First, I am on record stating the next economic shoe is dropping and we need to prepare for a US slowdown. I don't understand where inflationistas see inflation pressures. There most definitely is no wage inflation and recently, a data miss crushed US inflation expectations, which remain very muted, bolstering nominal Treasuries but hurting Treasury inflation-protected securities (TIPS).

For all you non-economists, it's important to remember inflation (CPI data) is a lagging indicator, employment is coincident indicator, and manufacturing activity and the stock market are leading indicators. I include inflation expectations as a leading, not lagging indicator, because it's based on market expectations of inflation trends.

In fact, have a look at the following chart of the five-year, five-year forward inflation expectation rate provided by the St-Louis Fed (click on image):

Clearly, the bond market isn't worried about inflation, which makes you wonder why are hedge fund gurus like Ken Griffin and Paul Singer so worried about inflation?

To be fair, Griffin isn't worried about inflation per se, but more about "inflation complacency". Still, I can and have argued that we should be far more worried about deflation and deflation complacency.

In my blog, I keep referring to six structural factors that lead me to believe we are headed for a prolonged period of debt deflation:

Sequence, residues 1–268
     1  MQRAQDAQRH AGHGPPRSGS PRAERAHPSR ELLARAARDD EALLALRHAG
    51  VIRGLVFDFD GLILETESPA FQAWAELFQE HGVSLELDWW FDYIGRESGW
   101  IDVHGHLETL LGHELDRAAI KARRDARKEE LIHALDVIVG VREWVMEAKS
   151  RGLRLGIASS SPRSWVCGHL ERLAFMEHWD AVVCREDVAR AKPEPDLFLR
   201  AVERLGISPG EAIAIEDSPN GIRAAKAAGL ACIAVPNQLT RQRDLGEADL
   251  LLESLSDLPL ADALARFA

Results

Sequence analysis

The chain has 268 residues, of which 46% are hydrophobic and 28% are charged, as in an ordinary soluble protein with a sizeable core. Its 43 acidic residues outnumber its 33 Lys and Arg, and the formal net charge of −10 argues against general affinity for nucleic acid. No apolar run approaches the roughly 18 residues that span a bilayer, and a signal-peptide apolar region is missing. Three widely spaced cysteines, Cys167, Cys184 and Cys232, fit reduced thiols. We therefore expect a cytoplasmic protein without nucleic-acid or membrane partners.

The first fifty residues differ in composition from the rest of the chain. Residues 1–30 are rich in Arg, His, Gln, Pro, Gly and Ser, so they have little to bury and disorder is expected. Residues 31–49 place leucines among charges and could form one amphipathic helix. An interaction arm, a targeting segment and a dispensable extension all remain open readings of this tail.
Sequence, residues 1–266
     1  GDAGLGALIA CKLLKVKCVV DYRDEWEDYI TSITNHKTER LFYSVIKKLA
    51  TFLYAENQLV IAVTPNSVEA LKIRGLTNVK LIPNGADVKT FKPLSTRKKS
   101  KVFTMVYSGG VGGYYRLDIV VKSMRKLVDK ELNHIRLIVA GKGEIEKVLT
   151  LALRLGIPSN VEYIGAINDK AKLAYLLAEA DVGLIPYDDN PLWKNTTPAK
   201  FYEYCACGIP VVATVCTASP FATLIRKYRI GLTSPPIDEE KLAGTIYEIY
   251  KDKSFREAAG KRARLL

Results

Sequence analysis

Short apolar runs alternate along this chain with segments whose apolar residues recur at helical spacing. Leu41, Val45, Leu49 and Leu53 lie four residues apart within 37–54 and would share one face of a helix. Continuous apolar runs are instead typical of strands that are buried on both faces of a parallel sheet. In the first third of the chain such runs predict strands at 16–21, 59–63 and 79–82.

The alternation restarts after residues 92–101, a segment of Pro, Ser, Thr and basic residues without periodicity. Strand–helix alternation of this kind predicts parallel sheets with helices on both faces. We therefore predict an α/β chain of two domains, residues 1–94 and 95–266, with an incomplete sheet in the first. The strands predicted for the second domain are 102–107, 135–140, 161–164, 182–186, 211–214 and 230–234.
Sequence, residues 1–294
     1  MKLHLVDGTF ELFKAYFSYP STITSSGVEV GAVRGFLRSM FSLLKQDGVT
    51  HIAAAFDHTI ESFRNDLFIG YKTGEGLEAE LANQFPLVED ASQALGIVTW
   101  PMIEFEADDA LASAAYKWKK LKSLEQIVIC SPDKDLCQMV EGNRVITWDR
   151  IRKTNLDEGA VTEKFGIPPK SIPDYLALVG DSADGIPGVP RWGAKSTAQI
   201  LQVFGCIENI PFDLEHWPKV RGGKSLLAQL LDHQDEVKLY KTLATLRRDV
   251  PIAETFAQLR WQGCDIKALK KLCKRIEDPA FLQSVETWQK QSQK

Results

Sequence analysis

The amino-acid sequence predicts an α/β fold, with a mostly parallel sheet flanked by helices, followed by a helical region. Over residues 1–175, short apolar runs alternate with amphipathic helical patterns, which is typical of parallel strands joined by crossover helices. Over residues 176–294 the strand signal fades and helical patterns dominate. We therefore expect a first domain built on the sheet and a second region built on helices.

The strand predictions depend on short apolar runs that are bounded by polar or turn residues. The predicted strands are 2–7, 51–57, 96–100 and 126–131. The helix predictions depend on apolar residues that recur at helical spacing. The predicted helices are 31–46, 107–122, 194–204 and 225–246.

1. The global jobs crisis: High structural unemployment, especially youth unemployment, and less and less good paying jobs with benefits.
  2. Demographic time bomb: A rapidly aging population means a lot more older people with little savings spending less.
  3. The global pension crisis: As more and more people retire in poverty, they will spend less to stimulate economic activity. Moreover, the shift out of defined-benefit plans to defined-contribution plans is exacerbating pension poverty and is deflationary. Read more about this in my comments on the $400 trillion pension time bomb and the pension storm cometh. Any way you slice it, the global pension crisis is deflationary and bond friendly.
  4. Excessive private and public debt: Rising government debt levels and consumer debt levels are constraining public finances and consumer spending.
  5. Rising inequality: Hedge fund gurus cannot appreciate this because they live in an alternate universe, but widespread and rising inequality is deflationary as it constrains aggregate demand. The pension crisis will exacerbate inequality and keep a lid on inflationary pressures for a very long time.
  6. Technological shifts: Think about Amazon, Uber, Priceline, AI, robotics,  and other technological shifts that lower prices and destroy more jobs than they create.
I want everyone reading this comment to really think about the six structural factors I've outlined above and tell me whether we need to worry more about inflation or deflation.

All this to say, I don't agree with Ken Griffin on the business cycle (we peaked) or inflation. I do agree with him that stocks will continue to rise as there is plenty of liquidity in the system and quant funds are ramping them up for now, but I am very selective in the sectors I am trading and went over my preferences here last Friday: